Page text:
Faux, yes I did have an interesting adventure during my recovery from the subdural hemotoma surgery, I did go visiting with Dad and Mom. Mother was all over my ass because I was dressed in clothes like I wore on the farm. She stated that she would go buy me clothes that would match since I was in a nice hospital. She also stated that I was not to wear the mismatched sweats and sweatshirts that I wore while at the University. Dad on the otherhand was his professional medical self. Daughter stated that oldest son was going to bring me some sweats and I told her that Mother was going to bring some. Daughter stated Dad, Grandma passed away in 1987 so Will is getting them. So I stated OK. Now, there is a great difference between being in a coma and being brain dead. However, a hospital would not want to pull the plug unless it was determined that the patient is brain dead. In my situation, the neuologist saw some signs of brain activity. Thus, I was allowed to remain plugged in, It got more interesting with the statements I made with regards to the surgery. I have never taken human anatomy so I had no idea what I was asking the Neurosurgeon. Yes, I knew what a surgical report was since every surgeon has to write one detailing the surgery. I had seen my Dad write many. With regards to the arteries, veins, etc. I have no idea except I was requesting what I was told to request. When I visted the Neuologist, he asked if Dad has been a Neuologist and I told him no. Dad practiced General Medicine, General Surgery, and Trauma Surgery. Told the Neuologist that Dad and his Surgical sidekick took a Post-Doc in Trauma Surgery at Cook County Hospital. He stated then that my Dad would have known all the questions he asked. Told the Neuologist that he should not become alarmed if he feels a cold finger on his shoulder and a whisper telling him to move to the right or left less he knick an artery or vein. He stated that I had a wierd sense of humor but could tell I grew up around medicine. Also told me not to go there since he was still spooked with my comments coming out ot the coma. Here is one for your Mom. Dad and his surgical sidekick Davies were never referred to as Doctor. Dad was BC and Davies was Davies. Several of nurses stated that when Dad would enter the OR. he would pick up the scapel and state OK ladies lets go to work and you too Davies.

  7. William Walton says:

    Bettykath, left a response to your 01/04 response concerning ether masks. You might want to read it and you might find it humorous. When I was about 14 years old, Dad stated that I was one of his worst patients since I would not take all the prescription medication if I felt it was not working. I felt lucky since I was only one of the worst and not the worst. He also stated that when I had my appendectomy I was basically a pain in the ass.

    • bettykath says:

      Good story. You were lucky you had your dad to help out, even if he did have wash up 2-3 times. I was about 3 when my tonsils were removed and I can still see that mask and the nurses around me holding me down and I can hear the male voice saying, “Hold her still!” Anything that wasn’t held down was flailing. The ether mask was a dark yellow brown and I haven’t seen one since. The ether mask was a good reason to stay healthy.

      • William Walton says:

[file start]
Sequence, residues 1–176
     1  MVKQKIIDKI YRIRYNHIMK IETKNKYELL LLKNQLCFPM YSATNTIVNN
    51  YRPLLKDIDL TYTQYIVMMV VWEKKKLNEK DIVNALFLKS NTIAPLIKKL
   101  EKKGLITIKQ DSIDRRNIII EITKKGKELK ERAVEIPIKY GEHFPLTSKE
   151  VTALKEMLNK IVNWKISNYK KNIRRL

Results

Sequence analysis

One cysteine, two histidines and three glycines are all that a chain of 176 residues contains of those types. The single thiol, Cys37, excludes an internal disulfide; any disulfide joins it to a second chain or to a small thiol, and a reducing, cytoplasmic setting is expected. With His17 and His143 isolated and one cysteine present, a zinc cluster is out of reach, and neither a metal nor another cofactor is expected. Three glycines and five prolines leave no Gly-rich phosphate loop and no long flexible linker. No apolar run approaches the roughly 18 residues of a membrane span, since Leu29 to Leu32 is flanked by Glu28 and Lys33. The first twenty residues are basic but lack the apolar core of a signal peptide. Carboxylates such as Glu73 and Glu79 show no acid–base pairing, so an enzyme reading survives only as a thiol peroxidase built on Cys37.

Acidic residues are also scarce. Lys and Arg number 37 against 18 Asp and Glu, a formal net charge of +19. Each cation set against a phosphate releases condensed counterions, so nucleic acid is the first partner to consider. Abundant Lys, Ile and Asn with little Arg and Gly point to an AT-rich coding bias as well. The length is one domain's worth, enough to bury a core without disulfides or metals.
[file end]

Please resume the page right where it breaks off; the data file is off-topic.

I have to laugh at times imagining him having to go through what he had to go through with washing, gowning, masking, and gloving just to get back to perfoming the surgery he was scheduled to perform. I have often thought that I hoped his surgical patient was under when all this was going on. Glad you enjoyed my response, however, having read yours I thought you might.

  8. William Walton says:

    Prof, as my Dad would debate with other physicians “we must come to terms with the question are we prolonging life or just interfering with nature and prolonging the death process? His feeling was that in many cases it was more humane to the patient to just let nature take her course. The trac discussion was interesting in that a trac is placed outside the body in the very lower portion of the neck. I have a scar in the very lower portion of the neck from my trac from when I had the brain surgery for the subdural hemotoma. Another point, Dad would encourage physicians, interns, residents, nurses, etc. to learn to talk to patients. He would take whatever time it took talking to a patient to determine if he had obtained all the data needed. His philosophy was that the patient had to be made comfortable being in the environment they found themselves talking to a physician because they did not want to be there to begin with because of fear of finding out that something was seriously wrong. This attitude does not help the physician in coming to a diagnosis. As an example he had a lady patient who he spent some time talking to and she finally stated that at times she would pass blood when she urinated. Admitted her to the hospital for further testing which showed she had a precancerous lesion on one of her kidneys. It was removed and pathologically was found to be precancerous. This may shed some light on this case in that the child and/or the parents did not share all the characteristics of the childs condition/conditions with the medical staff. It could also indicate that the medical staff unlike Dad did not/would not take the time to go into an indepth assessment of the childs condition.

  9. fauxmccoy says:

    hoping that this family can find what it needs to be able to say their good byes.